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Cambridge University Science Magazine
“You’re just a dream monster and you can’t hurt me.”

Imagine being asleep – and trapped in a nightmare. Now imagine, within the dream, suddenly realising that you are dreaming: you promptly chase away the monster menacing you, then go off to eat cucumber sandwiches in a gazebo on a lake of gin and tonic. This phenomenon of dream awareness is known as ‘lucid dreaming’. Now, a 2014 study in Nature Neuroscience has linked lucid dreaming with specific patterns of brain activity – as well as finding a way to trigger it experimentally.

Lucid dreaming has fascinated meditation practitioners, psychologists and neuroscientists alike for decades, mainly because it bridges two broad states of consciousness. The first, primary consciousness, tends to be concerned with the immediate present, with limited self-awareness. In an ordinary dream, for example, we do not understand that we are dreaming and cannot usually predict what will happen next. Secondary consciousness is associated with self-reflective awareness and other higher cognitive functions, normally when we are awake. Since lucid dreams contain elements of both primary and secondary states, studying lucid dreaming could allow us to understand how people transition between states of consciousness.

We already know that different states of consciousness – and stages of sleep – are marked by different patterns of electrical activity in the brain. These are caused by rhythmic firing of nerve cells in various brain regions, and are often known as ‘waves’ because they form regular wave-like patterns on EEG (a detector commonly used to measure electrical activity), and have a specific frequency. For example, alpha waves have frequency 7.5-12.5 Hz and occur during ‘rapid eye movement’ sleep, or REM, which is when we are most likely to dream. Gamma waves have the highest frequency (25-100 Hz); these have been linked with long-term meditation practice, and, more recently, lucid dreaming. However, no-one has been able to establish a causative relationship between lucid dreams and gamma activity – until this year’s Nature Neuroscience paper.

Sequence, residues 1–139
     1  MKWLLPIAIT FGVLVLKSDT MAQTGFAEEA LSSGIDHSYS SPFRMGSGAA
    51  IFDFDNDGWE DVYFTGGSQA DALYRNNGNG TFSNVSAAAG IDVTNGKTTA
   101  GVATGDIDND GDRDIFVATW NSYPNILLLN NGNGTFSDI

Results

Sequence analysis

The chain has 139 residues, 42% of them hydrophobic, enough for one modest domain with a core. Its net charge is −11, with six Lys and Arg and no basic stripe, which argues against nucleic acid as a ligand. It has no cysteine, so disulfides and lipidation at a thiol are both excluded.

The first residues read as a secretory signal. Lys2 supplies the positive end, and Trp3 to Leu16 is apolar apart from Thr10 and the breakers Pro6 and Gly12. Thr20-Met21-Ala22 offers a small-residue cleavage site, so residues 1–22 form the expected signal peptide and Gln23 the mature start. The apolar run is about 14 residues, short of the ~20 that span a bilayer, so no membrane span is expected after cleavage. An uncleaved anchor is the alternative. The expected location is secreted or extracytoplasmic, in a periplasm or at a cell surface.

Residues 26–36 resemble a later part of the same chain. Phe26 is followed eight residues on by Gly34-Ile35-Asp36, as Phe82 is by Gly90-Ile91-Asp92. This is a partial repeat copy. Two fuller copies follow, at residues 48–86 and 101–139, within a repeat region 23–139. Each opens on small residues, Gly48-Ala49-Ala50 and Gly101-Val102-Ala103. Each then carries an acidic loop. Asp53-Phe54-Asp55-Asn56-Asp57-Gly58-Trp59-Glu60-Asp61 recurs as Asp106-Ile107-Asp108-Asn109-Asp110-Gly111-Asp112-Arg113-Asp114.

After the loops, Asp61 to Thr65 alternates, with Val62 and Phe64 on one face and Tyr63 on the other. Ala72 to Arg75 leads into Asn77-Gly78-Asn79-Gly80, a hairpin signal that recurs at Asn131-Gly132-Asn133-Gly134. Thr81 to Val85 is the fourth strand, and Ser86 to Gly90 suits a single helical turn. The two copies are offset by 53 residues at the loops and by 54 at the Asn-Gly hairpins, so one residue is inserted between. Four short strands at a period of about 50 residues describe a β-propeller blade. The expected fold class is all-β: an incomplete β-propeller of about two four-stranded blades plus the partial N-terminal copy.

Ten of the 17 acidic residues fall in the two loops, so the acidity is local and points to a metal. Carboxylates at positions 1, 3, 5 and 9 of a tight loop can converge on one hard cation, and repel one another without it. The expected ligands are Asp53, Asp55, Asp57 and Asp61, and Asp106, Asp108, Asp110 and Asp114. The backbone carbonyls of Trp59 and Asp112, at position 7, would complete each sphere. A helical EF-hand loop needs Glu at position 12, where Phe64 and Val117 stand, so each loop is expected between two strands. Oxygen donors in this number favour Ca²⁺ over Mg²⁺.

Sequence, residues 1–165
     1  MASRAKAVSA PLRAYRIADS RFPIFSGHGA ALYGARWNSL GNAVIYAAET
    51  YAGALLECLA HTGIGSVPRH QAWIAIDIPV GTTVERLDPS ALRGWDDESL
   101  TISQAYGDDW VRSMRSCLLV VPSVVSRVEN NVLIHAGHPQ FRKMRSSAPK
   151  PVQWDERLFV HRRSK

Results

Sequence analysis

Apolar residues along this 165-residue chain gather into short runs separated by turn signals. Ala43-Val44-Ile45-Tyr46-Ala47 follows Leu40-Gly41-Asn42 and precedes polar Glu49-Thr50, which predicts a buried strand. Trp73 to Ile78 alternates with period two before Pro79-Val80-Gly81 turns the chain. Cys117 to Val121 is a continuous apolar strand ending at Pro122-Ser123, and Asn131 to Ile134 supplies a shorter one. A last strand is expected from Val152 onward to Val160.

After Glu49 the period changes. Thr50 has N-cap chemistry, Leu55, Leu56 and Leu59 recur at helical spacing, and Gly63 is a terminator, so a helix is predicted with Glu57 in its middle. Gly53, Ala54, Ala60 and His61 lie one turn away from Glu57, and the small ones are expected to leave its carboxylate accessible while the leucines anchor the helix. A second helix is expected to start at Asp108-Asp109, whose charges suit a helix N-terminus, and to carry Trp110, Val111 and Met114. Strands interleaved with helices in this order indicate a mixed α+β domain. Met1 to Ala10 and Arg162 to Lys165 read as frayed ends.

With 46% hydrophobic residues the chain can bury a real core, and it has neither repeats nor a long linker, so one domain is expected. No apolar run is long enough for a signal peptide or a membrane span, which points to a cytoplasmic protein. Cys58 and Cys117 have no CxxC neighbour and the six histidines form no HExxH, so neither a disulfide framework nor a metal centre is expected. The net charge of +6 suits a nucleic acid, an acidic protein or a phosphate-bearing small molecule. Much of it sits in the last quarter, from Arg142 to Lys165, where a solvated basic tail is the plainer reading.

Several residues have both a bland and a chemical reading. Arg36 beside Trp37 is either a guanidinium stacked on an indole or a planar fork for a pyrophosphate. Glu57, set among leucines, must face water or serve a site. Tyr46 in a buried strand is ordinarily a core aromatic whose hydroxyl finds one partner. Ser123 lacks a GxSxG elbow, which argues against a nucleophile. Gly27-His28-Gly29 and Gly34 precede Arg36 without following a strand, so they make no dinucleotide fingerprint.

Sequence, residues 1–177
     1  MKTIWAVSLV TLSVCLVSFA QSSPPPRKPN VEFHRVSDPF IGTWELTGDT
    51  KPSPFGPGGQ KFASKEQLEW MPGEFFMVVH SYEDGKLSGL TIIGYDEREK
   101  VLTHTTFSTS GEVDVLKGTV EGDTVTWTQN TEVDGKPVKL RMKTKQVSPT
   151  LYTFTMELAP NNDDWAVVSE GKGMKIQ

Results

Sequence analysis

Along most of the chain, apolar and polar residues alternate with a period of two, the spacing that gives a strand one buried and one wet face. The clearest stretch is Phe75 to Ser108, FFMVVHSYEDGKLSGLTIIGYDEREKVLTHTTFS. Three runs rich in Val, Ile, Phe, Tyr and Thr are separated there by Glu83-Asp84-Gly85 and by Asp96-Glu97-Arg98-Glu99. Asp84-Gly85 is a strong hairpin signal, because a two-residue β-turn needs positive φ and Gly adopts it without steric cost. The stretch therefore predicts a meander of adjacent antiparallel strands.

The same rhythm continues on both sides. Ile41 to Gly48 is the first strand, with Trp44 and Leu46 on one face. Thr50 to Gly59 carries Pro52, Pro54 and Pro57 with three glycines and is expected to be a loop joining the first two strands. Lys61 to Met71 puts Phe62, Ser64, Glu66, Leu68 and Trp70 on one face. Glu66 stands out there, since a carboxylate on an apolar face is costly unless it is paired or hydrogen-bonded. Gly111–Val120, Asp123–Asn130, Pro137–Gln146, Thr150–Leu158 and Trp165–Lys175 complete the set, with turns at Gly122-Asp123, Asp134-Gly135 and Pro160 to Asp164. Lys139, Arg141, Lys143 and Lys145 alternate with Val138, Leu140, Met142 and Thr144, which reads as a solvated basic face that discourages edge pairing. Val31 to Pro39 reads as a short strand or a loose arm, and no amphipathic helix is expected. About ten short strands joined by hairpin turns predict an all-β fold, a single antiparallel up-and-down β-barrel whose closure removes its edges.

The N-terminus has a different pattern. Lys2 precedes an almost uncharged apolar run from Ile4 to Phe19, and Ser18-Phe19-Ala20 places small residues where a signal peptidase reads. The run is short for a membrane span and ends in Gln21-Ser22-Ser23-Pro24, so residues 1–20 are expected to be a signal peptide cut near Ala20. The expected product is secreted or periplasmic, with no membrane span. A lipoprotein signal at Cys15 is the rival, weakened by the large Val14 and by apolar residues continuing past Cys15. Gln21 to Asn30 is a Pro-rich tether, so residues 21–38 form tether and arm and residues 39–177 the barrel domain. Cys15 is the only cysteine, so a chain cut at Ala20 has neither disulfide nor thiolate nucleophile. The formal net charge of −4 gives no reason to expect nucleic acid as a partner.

Gamma waves Gamma waves
So what did the Nature researchers do? They asked participants to spend 4 nights in a sleep laboratory, with electrodes placed on their heads to monitor their stage of sleep. At roughly the same time each night, when REM sleep started, the researchers applied a mild electrical stimulus to each sleeper’s brain. (This was done via the electrodes, and even when awake the participants could not hear or feel the stimulus.) After sleeping a little longer, the subjects were then woken up to give detailed reports about their dreams, including an experimentally verified rating of ‘lucidity’.

Surprisingly, the researchers found that a stimulus of 25-40 Hz not only caused a spike in gamma activity, but also reliably increased the frequency of lucid dreams. This is even more convincing when we consider that none of the participants had previously experienced lucid dreaming! If lucid dreaming could also be induced in people with sleep disturbances (who were excluded from the test subjects here) it could be used therapeutically as well. People with post-traumatic stress disorder are often terrorised by nightmares; by giving them control over their dreams, ‘induced’ lucid dreaming could increase their quality of sleep – and life.

More broadly, though, this research shows that we can now reliably trace the development of a form of self-awareness: from ‘primary conscious’ dreaming, to lucid dreaming, to fully waking. This is potentially another step on the path to understanding how ‘higher’ states of consciousness work, and definitely something to meditate on.

Full paper here:

Voss et al. (2014) Nature Neuroscience (Epub ahead of print) <>

Gamma waves and meditation:

Lutz et al. (2004) PNAS <>